How to Increase Sperm Count When You're Over 40
Men's fertilization abilities can decrease after age 40, but the clock doesn't tick quite as loudly as it does for women. Many men become dads after 50. Actor Tony Randall became a father at age 77. So there is a lot of hope. But the reality is that aging can make a difference in sperm count 2. Fertilization rates are usually over 60 percent for men under 39, but begin to fall to slightly over half after that age, according to BabyHopes.com. There may be genetic factors involved with low sperm count at any age 2. But many of the interfering factors can be overcome to increase the sperm count 2.
Have sex less often. Try to leave at least three days between sexual episodes. The more times you ejaculate, the less dense the sperm becomes.
Wear boxer shorts instead of briefs and avoid hot baths and saunas. Heat is believed to impair sperm production, according to BabyMed.com, a fertility information website.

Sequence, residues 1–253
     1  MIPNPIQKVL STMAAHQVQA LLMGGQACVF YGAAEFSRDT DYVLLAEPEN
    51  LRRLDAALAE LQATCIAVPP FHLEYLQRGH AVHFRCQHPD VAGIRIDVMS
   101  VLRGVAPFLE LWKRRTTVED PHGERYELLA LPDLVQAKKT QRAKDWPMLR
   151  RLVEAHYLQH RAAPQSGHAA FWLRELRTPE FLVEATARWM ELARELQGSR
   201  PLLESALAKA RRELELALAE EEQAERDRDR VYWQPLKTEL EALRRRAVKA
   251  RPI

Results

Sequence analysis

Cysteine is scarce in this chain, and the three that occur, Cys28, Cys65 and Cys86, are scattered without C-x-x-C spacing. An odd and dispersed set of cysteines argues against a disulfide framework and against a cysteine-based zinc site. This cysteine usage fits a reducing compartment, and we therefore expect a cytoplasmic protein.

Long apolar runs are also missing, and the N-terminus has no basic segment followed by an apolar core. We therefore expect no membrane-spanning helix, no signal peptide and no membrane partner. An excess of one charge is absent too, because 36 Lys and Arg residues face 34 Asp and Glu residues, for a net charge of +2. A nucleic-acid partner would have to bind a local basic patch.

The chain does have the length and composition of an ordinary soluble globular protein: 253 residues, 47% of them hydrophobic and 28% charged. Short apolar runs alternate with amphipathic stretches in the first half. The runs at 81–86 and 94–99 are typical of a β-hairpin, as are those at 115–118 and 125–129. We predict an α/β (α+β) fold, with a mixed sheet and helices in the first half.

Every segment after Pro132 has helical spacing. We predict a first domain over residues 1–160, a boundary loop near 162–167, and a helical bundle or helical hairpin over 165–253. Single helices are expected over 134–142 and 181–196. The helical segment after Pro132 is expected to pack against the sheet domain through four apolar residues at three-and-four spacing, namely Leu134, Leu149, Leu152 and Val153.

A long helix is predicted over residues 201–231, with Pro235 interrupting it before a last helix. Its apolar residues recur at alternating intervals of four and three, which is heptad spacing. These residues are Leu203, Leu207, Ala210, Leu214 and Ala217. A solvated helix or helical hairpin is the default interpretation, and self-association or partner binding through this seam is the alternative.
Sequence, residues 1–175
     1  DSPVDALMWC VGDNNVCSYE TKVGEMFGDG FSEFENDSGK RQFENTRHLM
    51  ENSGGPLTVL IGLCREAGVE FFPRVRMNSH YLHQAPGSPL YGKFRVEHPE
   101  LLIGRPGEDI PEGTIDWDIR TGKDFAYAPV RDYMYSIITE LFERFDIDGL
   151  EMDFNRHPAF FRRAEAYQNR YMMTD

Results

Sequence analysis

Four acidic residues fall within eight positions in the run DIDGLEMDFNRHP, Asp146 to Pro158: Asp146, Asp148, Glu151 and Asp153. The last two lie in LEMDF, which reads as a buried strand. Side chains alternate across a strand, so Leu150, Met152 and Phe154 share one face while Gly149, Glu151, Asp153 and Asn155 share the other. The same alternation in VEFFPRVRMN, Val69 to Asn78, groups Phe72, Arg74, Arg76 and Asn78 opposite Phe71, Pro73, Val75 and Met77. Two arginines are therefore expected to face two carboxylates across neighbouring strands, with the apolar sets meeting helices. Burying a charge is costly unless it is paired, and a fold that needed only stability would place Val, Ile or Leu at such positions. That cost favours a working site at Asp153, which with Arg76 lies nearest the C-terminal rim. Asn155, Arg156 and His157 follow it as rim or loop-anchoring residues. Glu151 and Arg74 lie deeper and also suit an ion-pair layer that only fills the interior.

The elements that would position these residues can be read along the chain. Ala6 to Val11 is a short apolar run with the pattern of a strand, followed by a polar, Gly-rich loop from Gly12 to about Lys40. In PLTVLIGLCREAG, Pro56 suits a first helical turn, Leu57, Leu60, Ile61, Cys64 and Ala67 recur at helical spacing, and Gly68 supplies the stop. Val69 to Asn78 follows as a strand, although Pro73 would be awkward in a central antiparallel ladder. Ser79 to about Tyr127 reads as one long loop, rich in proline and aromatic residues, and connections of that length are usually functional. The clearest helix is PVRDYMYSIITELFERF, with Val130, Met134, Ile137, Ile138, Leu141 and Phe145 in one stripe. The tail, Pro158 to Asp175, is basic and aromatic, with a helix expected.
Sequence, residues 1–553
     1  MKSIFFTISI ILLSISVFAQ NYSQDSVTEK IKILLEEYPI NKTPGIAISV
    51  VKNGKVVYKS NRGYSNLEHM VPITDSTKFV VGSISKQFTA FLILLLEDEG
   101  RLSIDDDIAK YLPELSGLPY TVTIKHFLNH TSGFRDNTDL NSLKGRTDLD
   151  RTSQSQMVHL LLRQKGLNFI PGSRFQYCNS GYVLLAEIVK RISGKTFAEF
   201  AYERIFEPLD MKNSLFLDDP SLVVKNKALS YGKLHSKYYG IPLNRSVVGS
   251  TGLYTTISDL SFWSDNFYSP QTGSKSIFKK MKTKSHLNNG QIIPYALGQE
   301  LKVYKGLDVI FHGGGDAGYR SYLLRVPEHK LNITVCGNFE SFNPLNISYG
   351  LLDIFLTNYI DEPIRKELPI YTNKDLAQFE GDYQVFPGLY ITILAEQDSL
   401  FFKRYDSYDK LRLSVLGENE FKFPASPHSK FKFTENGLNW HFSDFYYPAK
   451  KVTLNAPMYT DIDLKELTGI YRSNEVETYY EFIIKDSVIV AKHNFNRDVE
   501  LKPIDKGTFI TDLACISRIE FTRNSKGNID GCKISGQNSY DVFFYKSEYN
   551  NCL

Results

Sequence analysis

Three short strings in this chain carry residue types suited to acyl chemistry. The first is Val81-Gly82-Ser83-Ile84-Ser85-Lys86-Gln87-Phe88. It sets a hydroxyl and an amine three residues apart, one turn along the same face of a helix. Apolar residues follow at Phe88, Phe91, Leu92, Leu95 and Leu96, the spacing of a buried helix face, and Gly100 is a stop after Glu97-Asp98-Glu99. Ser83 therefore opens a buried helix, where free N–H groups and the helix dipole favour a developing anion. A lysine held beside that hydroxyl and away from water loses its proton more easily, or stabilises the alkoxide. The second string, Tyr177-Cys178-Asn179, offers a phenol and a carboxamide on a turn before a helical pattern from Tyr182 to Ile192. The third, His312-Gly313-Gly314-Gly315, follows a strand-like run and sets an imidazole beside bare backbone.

Eat food low in fat and high in protein, plus vegetables and whole grains, which will enhance your overall health. It also helps provide a healthy and ideal weight. Being overweight can cause testosterone imbalances.
Do not overdo the exercise, which can lead to high levels of adrenal steroid hormones that cause testosterone deficiency.
Reduce stress in your life. Try relaxation techniques or meditation. This will take the pressure off your entire body and improve your sexual health.
Take vitamin/mineral supplements, including vitamins C and E, zinc and selenium.
Avoid alcohol, which affects the liver and can increase estrogen levels. This may decrease sperm production.
Stop smoking. It is believed to significantly decrease sperm count 2.
Stay away from environmentally hazardous substances such as pesticides, lead, paint and other chemicals that may be harmful.
If you still find you have a low sperm count, medical help is available. Drugs can be used to help improve the sperm count. Various medical techniques are available in the growing fertilization market, such as intrauterine insemination to inject higher concentrations of sperm through the cervix at the time of ovulation.